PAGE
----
Date of Award
Master of Science in Computer Science
Department of Electrical and Computer Engineering
Gilbert L. Peterson, PhD
Multi-robot systems provide system redundancy and enhanced capability versus single robot systems. Implementations of these systems are varied, each with specific design approaches geared towards an application domain. Some traditional single robot control architectures have been expanded for multi-robot systems, but these expansions predominantly focus on the addition of communication capabilities. Both design approaches are application specific and limit the generalizability of the system. This work presents a redesign of a common single robot architecture in order to provide a more sophisticated multi-robot system. The single robot architecture chosen for application is the Three Layer Architecture (TLA). The primary strength of TLA is in the ability to perform both reactive and deliberative decision making, enabling the robot to be both sophisticated and perform well in stochastic environments. The redesign of this architecture includes incorporation of the Unified Behavior Framework (UBF) into the controller layer and an addition of a sequencer-like layer (called a Coordinator) to accommodate the multi-robot system. These combine to provide a robust, independent, and taskable individual architecture along with improved cooperation and collaboration capabilities, in turn reducing communication overhead versus many traditional approaches. This multi-robot systems architecture is demonstrated on the RoboCup Soccer Simulator showing its ability to perform well in a dynamic environment where communication constraints are high.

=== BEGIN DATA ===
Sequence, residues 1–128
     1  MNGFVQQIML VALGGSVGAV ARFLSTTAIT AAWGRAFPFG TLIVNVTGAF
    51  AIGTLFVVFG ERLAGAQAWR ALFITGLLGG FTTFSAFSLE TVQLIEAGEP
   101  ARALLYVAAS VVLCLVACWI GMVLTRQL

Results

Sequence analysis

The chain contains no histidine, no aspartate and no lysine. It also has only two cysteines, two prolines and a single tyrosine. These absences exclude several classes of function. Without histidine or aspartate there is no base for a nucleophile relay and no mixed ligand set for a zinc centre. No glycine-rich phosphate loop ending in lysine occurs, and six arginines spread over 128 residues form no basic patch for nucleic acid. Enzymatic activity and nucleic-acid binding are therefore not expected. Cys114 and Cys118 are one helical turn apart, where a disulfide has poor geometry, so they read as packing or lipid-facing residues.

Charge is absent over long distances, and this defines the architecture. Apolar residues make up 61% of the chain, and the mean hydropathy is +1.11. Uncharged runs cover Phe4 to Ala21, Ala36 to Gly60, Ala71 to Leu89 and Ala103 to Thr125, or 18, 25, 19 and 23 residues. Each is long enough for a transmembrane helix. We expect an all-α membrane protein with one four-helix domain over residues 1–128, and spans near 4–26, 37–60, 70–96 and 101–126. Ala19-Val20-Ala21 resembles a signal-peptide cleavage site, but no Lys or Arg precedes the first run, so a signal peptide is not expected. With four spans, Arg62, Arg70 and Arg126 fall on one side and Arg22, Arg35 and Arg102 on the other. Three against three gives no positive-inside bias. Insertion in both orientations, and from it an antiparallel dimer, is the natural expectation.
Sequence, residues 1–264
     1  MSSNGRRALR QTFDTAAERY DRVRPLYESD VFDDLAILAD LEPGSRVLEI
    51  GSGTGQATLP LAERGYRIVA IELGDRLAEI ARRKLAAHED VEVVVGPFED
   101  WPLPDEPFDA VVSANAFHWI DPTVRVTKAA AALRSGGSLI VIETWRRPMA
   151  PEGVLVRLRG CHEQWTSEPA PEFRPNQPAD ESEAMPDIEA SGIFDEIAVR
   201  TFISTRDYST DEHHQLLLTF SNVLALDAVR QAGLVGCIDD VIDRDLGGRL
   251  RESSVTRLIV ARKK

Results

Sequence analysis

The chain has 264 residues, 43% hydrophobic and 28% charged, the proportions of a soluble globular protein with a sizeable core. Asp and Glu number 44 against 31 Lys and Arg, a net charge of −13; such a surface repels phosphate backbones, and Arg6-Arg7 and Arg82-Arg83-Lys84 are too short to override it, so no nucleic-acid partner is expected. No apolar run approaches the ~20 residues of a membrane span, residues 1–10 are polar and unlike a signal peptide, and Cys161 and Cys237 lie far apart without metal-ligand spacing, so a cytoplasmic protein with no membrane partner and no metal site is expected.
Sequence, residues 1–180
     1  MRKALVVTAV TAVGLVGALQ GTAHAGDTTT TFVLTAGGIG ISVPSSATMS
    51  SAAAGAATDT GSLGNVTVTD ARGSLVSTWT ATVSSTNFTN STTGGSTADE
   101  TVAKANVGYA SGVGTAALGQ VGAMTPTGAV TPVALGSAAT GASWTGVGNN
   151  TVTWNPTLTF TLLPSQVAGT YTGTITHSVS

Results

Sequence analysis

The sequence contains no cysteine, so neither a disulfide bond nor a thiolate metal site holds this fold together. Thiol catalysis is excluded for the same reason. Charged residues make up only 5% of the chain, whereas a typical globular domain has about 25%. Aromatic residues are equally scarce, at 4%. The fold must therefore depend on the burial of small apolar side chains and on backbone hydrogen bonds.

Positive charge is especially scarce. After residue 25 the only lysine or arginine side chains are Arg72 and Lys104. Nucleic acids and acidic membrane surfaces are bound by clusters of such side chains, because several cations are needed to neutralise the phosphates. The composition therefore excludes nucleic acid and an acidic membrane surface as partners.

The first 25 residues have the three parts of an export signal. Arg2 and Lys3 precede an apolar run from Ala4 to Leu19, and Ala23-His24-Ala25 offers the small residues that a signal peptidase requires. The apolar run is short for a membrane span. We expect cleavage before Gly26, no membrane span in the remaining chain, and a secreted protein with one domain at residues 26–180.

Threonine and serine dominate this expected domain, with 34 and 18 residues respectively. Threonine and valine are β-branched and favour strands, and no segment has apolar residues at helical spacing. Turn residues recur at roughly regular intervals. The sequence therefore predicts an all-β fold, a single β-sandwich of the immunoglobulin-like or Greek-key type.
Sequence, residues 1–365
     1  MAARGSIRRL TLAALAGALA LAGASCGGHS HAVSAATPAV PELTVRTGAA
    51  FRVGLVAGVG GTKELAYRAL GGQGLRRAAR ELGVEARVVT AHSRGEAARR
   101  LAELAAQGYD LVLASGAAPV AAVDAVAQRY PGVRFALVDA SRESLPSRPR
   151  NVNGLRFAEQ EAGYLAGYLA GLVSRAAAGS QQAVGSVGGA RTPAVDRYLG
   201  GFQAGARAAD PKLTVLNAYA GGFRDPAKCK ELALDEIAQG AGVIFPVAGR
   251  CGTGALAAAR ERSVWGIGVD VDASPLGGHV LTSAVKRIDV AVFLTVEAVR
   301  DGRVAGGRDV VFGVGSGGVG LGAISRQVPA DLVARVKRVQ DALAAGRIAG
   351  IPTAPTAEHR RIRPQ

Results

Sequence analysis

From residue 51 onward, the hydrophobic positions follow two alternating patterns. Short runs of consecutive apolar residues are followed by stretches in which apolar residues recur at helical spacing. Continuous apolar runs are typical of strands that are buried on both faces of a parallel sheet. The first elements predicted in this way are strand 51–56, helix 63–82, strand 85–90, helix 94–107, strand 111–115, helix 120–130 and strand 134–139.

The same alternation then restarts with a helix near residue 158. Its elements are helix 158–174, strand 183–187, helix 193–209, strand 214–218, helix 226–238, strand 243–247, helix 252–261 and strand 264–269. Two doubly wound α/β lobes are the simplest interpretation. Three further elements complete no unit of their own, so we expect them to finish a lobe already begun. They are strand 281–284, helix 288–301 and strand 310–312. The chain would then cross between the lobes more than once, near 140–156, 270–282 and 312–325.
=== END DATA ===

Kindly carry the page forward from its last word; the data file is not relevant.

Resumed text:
DTIC Accession Number
Hooper, Daylond J., "A Hybrid Multi-Robot Control Architecture" (2007). Theses and Dissertations. 2744.